Challenges and successes for new Canadians
Focus on opening doors drives immigration aid groups
Immigration Program "a model that could be extended to … the country"
'If this region is going to survive and prosper, immigration is ...
McNEISH: 'We are now a global community'
The Guardian's Quick Question
Younger doctors exhausted by new practice demands
Fighting to find a family doctor: ‘The whole process is undignified.’
What we learned, what you said about doctor shortage in Atlantic Canada
Challenges, solutions to Atlantic Canada's doctor shortage
Family doctor shortage a threat to health care
CHARLOTTETOWN, P.E.I. - The public can take a little piece of the Charlottetown Festival home with them today.
The Confederation Centre of the Arts is cleaning out some of its closets and selling costumes that have been worn on the main stage over the years.
Some of the items date back to 1964 when the centre opened its doors.
Kellie Knight, the centre’s production manager, said they have been talking about addressing the situation for the better part of the past year.
“Theatres, by occupational hazard and by nature, are fantastic hoarders because you need things and you’re going to use them over and over again,’’ Knight said. “But, at a certain point, you can only keep so much before you run out of space.’’
Community theatres, dance companies, education groups and schools have been given first crack at the costumes, but the doors will be open to the public today from 10 a.m. to 2 p.m. A clearance sale, which will also be open to the public, follows from 2:30-4 p.m. It all happens in a room located next to Memorial Hall.
Knight said as the centre produces a number of plays each year, the closets just keep getting more jam-packed, to the point where clothes are jammed in so tight the fabric starts to wear down.
They didn’t want to just throw stuff away. So, Knight sat down with Bonnie Deacon, the head of wardrobe, and came up with a costume sale. Judging by the crowd at the private sale on Wednesday, the idea was a good one.
“If you talk to a lot of the amazing craftsmen who make a lot of these costumes, they are making them by hand . . . so there’s already a lot of emotional attachment. It just means that attachment extends in out (to the community). It’s cool the public is so drawn and excited about this,’’ Knight said.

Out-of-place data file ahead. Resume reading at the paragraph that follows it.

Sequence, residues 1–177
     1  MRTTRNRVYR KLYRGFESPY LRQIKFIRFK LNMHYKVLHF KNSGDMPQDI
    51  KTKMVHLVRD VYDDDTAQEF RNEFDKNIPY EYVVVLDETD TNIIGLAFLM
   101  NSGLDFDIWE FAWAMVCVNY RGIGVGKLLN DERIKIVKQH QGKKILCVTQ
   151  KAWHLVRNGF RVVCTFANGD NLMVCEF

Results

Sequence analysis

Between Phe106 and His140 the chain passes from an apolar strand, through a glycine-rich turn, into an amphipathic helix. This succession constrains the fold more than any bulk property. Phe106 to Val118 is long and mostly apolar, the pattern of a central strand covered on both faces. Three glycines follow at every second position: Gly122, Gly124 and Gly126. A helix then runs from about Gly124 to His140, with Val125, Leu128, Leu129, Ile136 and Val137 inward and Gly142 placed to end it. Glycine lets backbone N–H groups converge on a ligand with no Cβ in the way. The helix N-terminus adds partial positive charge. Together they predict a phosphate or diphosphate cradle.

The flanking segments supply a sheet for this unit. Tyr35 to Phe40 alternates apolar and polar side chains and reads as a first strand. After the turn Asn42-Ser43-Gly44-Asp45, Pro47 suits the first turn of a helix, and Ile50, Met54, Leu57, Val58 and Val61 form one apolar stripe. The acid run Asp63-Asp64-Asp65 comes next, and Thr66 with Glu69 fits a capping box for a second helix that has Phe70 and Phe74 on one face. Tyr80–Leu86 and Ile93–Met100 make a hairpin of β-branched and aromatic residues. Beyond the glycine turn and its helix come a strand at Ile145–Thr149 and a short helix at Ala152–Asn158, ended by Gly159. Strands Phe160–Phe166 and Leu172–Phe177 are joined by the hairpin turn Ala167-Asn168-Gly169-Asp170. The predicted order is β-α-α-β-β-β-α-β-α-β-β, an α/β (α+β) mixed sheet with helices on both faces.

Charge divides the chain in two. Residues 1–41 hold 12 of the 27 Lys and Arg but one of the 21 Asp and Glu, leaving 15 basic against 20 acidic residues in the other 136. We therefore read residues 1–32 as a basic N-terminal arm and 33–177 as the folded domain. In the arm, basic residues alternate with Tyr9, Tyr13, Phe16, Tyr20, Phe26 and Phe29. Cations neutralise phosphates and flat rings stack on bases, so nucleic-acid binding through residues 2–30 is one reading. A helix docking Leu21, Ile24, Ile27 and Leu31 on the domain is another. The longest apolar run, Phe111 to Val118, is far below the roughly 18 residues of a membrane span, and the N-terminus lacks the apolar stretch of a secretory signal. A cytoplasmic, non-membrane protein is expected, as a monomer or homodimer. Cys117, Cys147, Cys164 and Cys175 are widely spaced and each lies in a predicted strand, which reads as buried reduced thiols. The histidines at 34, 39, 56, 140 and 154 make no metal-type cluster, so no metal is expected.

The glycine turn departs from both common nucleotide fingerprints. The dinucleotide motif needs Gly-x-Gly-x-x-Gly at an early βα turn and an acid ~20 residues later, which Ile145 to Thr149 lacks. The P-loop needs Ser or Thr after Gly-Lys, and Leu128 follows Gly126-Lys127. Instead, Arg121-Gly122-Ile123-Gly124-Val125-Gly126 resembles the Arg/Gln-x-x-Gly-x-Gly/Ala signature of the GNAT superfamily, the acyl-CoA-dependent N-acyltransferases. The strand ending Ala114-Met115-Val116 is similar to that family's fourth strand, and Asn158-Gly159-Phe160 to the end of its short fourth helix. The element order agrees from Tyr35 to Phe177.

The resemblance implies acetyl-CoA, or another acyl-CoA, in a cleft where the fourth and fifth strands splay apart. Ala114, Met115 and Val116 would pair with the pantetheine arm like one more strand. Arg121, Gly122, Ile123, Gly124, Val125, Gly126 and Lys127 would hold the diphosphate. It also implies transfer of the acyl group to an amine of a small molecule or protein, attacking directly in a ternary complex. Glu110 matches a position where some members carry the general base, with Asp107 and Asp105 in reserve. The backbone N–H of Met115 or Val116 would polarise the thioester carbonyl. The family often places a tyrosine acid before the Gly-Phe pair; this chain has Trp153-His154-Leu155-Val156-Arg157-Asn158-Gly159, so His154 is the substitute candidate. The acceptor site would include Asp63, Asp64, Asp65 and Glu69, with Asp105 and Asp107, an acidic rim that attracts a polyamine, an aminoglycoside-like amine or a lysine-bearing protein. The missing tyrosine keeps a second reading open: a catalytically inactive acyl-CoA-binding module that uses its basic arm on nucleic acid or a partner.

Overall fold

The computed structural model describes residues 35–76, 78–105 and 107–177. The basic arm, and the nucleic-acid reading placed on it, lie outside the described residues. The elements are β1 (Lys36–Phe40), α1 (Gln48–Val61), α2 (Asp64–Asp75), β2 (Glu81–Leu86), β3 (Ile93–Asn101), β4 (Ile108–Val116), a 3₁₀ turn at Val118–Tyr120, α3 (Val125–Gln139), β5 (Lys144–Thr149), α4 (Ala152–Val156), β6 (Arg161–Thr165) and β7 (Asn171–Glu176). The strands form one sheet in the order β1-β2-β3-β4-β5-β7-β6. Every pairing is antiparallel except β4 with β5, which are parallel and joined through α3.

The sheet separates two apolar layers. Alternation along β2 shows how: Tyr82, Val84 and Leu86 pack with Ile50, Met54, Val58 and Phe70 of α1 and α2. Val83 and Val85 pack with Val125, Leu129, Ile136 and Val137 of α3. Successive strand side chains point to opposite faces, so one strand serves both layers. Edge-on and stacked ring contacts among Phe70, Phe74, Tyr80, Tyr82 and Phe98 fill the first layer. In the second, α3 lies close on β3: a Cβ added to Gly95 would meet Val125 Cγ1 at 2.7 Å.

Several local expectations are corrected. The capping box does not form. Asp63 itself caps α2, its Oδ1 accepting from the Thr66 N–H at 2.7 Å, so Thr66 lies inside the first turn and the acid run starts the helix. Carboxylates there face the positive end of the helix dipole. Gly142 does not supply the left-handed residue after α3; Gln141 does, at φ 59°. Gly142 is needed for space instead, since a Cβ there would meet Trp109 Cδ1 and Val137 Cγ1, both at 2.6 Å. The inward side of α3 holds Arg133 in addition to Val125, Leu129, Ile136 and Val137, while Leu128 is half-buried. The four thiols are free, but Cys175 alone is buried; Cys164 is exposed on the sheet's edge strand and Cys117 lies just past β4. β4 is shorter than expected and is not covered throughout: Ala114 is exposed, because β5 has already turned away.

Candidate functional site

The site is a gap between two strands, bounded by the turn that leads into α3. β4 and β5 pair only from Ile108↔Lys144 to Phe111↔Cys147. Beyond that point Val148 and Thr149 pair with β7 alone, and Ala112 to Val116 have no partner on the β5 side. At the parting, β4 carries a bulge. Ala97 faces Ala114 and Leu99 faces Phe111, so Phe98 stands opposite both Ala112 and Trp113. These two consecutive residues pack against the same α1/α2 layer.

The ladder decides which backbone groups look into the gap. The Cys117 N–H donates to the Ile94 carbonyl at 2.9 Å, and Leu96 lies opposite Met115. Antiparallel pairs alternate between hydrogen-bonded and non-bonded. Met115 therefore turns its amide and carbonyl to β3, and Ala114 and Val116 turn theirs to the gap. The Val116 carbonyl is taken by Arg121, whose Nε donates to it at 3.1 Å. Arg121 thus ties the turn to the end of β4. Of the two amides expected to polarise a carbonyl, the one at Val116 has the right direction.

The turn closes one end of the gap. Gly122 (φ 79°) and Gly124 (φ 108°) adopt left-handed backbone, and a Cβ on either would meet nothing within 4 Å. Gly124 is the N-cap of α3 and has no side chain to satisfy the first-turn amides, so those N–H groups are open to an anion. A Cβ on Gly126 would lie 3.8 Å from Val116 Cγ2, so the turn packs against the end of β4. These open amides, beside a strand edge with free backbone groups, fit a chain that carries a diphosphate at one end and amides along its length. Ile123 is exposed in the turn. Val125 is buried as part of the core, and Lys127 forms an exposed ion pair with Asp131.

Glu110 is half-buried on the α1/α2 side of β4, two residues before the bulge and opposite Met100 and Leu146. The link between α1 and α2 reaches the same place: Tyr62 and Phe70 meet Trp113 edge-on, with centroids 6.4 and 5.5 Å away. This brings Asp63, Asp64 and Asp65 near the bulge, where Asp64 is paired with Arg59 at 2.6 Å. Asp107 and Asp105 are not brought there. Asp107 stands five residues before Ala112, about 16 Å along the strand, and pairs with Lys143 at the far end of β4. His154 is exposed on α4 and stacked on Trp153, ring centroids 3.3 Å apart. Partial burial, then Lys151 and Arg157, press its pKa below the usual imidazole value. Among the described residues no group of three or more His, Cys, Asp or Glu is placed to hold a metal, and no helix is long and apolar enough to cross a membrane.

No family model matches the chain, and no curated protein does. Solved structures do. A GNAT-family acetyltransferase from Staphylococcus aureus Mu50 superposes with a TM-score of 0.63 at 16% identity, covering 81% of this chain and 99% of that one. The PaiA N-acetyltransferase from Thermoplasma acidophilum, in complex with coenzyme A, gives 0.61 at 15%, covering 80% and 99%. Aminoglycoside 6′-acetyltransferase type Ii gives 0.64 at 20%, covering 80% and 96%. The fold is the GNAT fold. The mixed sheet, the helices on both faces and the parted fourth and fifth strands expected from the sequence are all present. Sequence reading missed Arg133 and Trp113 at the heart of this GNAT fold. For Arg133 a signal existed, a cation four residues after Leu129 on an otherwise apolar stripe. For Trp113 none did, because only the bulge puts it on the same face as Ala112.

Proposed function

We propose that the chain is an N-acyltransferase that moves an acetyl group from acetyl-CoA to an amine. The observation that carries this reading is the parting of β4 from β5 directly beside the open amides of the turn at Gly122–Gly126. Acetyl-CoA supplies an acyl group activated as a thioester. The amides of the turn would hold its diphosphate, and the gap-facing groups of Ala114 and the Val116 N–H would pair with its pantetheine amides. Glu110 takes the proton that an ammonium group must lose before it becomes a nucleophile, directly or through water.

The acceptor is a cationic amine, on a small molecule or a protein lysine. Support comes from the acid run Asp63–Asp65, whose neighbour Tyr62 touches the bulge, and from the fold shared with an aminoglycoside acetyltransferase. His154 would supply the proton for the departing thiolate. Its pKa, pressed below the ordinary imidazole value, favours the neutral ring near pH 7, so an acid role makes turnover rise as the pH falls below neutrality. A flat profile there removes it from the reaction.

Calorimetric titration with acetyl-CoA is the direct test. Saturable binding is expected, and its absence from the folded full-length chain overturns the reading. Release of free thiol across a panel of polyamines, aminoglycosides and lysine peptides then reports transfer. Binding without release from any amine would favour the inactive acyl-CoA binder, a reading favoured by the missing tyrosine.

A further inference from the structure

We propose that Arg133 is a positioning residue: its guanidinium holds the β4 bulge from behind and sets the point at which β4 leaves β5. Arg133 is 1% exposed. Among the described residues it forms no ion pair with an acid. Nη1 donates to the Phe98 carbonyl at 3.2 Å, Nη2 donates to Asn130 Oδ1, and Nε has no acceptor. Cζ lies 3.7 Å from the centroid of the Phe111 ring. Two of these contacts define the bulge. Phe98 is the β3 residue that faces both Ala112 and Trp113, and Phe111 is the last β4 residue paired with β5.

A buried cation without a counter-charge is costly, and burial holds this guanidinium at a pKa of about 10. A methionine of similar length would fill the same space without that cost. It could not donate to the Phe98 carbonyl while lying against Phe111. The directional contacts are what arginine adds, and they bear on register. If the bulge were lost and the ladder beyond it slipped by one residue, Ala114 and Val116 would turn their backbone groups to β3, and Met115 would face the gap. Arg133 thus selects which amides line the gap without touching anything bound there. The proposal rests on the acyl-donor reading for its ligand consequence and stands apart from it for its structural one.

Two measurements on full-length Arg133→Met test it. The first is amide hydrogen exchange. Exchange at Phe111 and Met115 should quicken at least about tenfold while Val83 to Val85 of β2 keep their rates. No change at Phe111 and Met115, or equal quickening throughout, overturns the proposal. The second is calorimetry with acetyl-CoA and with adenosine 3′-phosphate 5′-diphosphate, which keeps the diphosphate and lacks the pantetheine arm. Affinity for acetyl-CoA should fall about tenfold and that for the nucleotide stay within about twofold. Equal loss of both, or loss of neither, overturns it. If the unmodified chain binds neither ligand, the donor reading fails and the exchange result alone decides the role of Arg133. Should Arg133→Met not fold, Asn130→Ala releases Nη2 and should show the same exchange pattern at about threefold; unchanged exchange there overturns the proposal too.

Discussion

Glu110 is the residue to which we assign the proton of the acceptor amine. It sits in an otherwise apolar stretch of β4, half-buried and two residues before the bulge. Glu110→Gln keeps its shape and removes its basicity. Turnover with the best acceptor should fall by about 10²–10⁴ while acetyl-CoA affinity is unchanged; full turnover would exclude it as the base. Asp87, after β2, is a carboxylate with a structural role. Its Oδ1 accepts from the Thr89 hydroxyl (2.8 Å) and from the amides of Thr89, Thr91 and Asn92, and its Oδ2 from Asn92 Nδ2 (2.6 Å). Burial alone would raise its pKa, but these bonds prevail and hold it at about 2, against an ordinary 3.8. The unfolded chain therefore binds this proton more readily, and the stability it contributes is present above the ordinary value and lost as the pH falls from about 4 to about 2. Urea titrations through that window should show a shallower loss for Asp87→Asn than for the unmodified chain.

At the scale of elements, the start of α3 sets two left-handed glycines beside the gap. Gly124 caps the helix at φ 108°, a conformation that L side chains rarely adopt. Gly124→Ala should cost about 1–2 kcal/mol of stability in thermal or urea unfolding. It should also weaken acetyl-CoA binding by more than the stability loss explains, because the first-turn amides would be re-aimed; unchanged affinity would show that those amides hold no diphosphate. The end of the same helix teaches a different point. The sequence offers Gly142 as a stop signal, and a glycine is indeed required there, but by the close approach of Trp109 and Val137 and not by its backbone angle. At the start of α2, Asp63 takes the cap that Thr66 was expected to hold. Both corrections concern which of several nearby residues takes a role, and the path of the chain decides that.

Reasha Walsh, with the Spotlight School of Art based out of Charlottetown and Summerside, could barely contain her excitement as she shopped at the private sale on Wednesday.
“We are acquiring a lot of things that we could use and a lot of things that we don’t know if we need yet but are so unique that we’re getting them,’’ Walsh said. “We’ve been doing shows for a while, so we know the value of costumes, and there’s some really nice pieces here that we can definitely utilize so it’s awesome.’’
Some of the costumes over the years have had to be thrown out for obvious reasons. A lot of the original costumes attached to “Anne of Green Gables: The Musical” are considered sacred and off limits for the sale.
“We found a lot of the original Anne costumes, and they’re not for sale, but we’ve been able to pull them out so we can properly archive them. We have put some of our Anne stuff out,’’ Knight said.
“Some of the (1980s) Anne has been in the racks and has already probably been sold, but a lot of the current Anne, we use that. The point is, we’re able to get rid of some of the stuff we’re never going to use so we have more room for the things that we are going to keep using.’’
At a glance
- Confederation Centre of the Arts selling off some of its old costumes today to public
- Hours are 10 a.m. to 2 p.m. and a clearance sale from 2:30-4 p.m.
- Some of the items up for grabs are shawls, pants, ladies and men’s tops, scarves, aprons, shoes, dresses, costumes, hats and men’s dress jackets